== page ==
I’m a bartender. How can I save in my employer’s 401(k)?

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Q. My employer recently instituted a 401(k) plan and I want in! The problem? I work in a restaurant, and as a tipped employee, the taxes for my tips are taken out of my paltry minimum wage, often leaving me with a paycheck of $0. Nada. I’ve never had a 401(k) so this is all new to me, but I’m told that contributions have to be deducted from the paycheck. Any thoughts on how I can contribute to this plan given my circumstances, or am I screwed out of being able to take advantage of this?
— Baffled bartender

A. It’s great that you want to save for retirement.

But yes, you’re in a tough spot.

A 401(k) plan that is a “Safe Harbor” plan defines compensation as wages, tips and other compensation, said Jody D’Agostini, a certified financial planner with Equitable Advisors/The Falcon Financial Group in Morristown.

“Since you receive a paycheck of zero, if there is an employer match, they would still need to make their employer matching payment based on your eligible compensation,” she said.

D’Agostini said you should talk to your tax preparer if you can reduce the taxes taken out from your pay stub. If you can, then you would need to call whoever runs your payroll and instruct them to override your federal and state deductions by this amount.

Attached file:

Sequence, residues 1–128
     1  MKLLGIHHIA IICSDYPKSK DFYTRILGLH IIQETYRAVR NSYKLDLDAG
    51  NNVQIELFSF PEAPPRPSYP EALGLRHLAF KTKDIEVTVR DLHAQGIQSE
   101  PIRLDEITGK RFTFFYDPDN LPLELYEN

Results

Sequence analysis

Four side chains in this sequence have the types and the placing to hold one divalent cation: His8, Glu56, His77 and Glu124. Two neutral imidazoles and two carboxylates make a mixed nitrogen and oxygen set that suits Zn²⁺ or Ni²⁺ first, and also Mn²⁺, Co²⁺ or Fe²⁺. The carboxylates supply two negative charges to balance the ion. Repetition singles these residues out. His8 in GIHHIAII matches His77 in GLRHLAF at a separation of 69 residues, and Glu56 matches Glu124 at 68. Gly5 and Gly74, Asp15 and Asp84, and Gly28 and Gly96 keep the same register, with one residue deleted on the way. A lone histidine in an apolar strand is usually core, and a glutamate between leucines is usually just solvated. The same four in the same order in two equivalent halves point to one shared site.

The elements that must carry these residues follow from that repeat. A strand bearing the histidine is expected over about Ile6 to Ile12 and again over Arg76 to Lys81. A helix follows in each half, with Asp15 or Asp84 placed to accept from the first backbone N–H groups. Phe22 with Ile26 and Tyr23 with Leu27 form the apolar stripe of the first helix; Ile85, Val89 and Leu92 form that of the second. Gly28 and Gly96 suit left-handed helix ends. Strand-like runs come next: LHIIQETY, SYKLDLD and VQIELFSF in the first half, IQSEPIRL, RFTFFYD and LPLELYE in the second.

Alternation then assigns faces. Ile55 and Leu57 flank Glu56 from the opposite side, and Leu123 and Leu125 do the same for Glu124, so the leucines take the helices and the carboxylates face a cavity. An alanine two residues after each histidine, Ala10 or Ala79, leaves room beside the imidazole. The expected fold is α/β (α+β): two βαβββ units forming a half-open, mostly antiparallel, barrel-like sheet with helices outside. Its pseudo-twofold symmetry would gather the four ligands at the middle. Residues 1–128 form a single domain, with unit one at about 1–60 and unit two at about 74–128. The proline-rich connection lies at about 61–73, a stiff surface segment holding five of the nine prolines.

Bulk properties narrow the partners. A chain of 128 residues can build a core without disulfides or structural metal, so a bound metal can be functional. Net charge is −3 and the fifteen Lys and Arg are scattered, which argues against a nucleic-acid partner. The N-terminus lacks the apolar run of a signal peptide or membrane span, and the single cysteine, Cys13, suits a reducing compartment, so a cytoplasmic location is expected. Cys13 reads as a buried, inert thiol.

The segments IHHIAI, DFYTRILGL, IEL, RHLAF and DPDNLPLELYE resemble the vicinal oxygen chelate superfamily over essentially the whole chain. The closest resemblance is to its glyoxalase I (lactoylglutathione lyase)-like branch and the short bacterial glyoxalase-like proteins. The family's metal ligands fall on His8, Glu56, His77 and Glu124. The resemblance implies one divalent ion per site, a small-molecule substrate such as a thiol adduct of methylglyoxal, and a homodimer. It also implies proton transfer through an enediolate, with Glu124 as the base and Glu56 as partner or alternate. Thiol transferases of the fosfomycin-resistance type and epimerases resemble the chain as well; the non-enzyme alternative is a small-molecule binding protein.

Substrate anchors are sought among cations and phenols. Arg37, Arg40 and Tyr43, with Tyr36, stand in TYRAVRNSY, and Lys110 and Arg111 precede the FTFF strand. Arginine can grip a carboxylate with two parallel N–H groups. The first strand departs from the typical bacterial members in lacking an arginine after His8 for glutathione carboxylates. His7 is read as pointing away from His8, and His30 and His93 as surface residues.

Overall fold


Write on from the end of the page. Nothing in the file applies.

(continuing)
Then you could set up your contributions, hopefully saving at least enough to get the full employer match.

In the meantime, you can still save for retirement using either a traditional IRA or a Roth IRA, she said.

“They both have contribution limits of up to $6,000 a year or $7,000 for those aged 50 and up,” she said. “If you still have additional savings earmarked for retirement, you can save in a tax-managed brokerage account as well.”

D’Agostini said you can also talk to your employer about changing how its payroll works.

“Some employers are changing and including tips in the paycheck which will potentially alleviate this problem, but then you will be paying your portion of payroll taxes on these earnings.”

Given that most tips are now paid with the bill by credit cards, this is easier to do, she said.

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This story was originally published on March 8, 2022.

NJMoneyHelp.com presents certain general financial planning principles and advice, but should never be viewed as a substitute for obtaining advice from a personal professional advisor who understands your unique individual circumstances.